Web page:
Home listening: heavenly Haydn, and a good week for Farinelli

An exemplary recording of the Missa Cellensis; Ann Hallenberg channels the great castrato; and in praise of Opera on 3

• I love Haydn’s masses. They speak of an unusual state of contentment between the artist and the Almighty: an early biographer of the composer said that the goodness of divine nature “inspired him with such confidence and joy that he could have written even a Miserere in tempo allegro”. The late mass settings have quasi-symphonic proportions, while the finest of the earlier masses (1782) is the huge Missa Cellensis “in honour of the Blessed Virgin Mary”, also called the Mariazeller Mass. This receives a glorious new recording from the RIAS Kammerchor and the Akademie für Alte Musik Berlin under Justin Doyle (Harmonia Mundi).

From its hushed slow choral opening, through some buoyant fugues and angular chromaticisms, Haydn traces a spiritual journey with great exuberance – notably in the flamboyant roulades of the soprano arias, well dispatched by Johanna Winkel. The chamber choir of German broadcaster RIAS has kept up with the times and produces beautifully cool, clean-edged textures, which Doyle moulds with skill.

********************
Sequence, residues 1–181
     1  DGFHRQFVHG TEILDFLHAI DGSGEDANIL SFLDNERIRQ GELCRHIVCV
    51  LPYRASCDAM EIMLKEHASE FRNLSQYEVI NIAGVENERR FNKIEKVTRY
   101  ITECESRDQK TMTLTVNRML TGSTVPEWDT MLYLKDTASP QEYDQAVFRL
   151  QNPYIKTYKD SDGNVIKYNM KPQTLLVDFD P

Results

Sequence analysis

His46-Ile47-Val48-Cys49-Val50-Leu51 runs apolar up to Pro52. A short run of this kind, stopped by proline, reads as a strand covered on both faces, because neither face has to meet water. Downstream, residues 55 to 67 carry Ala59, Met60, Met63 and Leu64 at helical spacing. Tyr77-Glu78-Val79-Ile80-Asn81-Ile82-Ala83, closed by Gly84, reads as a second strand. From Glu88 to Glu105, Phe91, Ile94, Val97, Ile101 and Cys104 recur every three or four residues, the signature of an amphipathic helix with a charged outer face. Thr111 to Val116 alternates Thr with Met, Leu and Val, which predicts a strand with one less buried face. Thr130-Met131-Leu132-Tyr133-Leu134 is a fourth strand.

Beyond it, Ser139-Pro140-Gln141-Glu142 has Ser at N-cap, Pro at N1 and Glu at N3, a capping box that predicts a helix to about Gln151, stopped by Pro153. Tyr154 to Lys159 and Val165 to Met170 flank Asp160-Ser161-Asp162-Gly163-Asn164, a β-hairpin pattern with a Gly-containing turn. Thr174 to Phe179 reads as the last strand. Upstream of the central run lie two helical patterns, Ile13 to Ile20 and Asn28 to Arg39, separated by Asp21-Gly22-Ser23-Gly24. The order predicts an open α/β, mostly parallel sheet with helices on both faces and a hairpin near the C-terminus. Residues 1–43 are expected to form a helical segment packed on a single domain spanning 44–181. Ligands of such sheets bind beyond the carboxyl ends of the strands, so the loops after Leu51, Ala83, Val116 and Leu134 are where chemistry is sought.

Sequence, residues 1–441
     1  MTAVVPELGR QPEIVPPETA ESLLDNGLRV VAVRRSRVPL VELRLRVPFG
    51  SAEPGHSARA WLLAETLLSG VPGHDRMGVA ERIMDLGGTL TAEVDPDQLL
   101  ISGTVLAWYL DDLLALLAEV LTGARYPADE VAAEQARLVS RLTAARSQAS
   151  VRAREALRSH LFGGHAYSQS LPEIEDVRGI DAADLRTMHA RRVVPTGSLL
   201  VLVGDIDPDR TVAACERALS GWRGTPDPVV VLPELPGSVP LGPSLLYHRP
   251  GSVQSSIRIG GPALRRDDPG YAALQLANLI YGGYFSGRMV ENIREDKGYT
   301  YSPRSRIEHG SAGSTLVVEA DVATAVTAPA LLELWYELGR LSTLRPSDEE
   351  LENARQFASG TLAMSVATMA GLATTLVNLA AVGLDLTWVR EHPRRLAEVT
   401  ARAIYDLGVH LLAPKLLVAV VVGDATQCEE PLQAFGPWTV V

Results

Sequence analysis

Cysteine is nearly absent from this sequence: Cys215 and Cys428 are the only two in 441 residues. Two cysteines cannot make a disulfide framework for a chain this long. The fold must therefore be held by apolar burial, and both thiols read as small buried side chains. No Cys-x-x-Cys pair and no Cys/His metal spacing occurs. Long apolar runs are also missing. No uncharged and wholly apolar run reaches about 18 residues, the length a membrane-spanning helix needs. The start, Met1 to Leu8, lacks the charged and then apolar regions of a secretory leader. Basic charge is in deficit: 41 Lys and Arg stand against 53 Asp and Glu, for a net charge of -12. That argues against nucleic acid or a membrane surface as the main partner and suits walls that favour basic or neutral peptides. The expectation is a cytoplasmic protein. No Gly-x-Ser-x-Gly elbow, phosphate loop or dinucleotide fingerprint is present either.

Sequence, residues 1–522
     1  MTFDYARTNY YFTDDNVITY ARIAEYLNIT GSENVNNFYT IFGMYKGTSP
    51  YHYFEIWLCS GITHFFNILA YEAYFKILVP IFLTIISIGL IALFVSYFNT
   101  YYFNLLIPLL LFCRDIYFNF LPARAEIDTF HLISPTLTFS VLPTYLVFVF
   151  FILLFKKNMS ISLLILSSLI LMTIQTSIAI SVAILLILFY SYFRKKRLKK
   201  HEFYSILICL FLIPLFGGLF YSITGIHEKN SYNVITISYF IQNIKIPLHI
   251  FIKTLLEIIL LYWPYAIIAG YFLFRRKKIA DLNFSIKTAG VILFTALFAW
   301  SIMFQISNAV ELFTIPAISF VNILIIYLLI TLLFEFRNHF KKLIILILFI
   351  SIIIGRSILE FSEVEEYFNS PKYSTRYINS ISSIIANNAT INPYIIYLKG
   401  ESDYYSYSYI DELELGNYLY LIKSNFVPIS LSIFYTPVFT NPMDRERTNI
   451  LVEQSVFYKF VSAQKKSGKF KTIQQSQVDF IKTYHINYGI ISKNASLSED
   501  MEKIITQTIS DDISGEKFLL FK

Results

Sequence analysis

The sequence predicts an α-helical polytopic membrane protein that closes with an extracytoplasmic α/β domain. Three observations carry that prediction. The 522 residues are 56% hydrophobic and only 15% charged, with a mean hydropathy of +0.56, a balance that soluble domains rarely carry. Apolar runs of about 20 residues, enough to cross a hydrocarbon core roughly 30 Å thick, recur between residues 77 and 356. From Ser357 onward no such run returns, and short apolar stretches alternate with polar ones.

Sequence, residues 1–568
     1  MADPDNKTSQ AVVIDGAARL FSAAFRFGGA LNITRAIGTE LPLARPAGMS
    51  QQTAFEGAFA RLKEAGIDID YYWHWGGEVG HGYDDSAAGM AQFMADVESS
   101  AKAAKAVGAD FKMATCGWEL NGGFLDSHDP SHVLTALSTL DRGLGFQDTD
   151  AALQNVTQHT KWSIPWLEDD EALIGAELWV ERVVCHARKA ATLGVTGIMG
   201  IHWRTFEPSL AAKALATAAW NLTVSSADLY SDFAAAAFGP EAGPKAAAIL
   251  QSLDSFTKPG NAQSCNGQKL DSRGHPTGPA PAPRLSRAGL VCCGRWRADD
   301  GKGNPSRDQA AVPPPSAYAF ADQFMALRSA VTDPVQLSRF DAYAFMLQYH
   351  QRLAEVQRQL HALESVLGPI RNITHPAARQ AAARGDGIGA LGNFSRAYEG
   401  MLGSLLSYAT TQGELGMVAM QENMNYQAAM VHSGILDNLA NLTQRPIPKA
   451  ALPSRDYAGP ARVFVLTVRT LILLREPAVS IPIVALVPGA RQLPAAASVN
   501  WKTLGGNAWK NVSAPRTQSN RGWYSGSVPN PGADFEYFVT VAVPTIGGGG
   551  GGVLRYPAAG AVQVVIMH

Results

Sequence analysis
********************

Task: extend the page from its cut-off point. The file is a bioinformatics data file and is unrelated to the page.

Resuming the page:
Watch a trailer for The Farinelli Manuscript.

• The castrato Farinelli (Carlo Broschi 1705-82) died in the year of that Haydn mass; he is a figure of continual fascination, from Clare van Kampen’s 2015 play Farinelli and the King to a lavish new survey by the mezzo-soprano Cecilia Bartoli. A more scholarly homage is paid in The Farinelli Manuscript (Glossa), in which the fine Swedish mezzo Ann Hallenberg recreates the exact contents of a manuscript Farinelli sent to the Empress Maria Theresa. The performances are excellent, and there is great interest in the decorations and embellishments notated by the singer himself as a guide to the style of the times. I just wish the arias themselves, by nonentities such as Mele, Giacomelli and Latilla, had been more compelling.

Opera on Radio 3 flourishes, especially through a happy alliance with the Metropolitan Opera in New York (via the European Broadcasting Union, an ideal of cooperative action we must hope not to lose in the future). Philip Glass’s hypnotic Akhnaten, a rare sell-out success for the Met, is on BBC Sounds, and last night’s offering was Tchaikovsky’s The Queen of Spades.

Contributor

Nicholas Kenyon

The GuardianTramp

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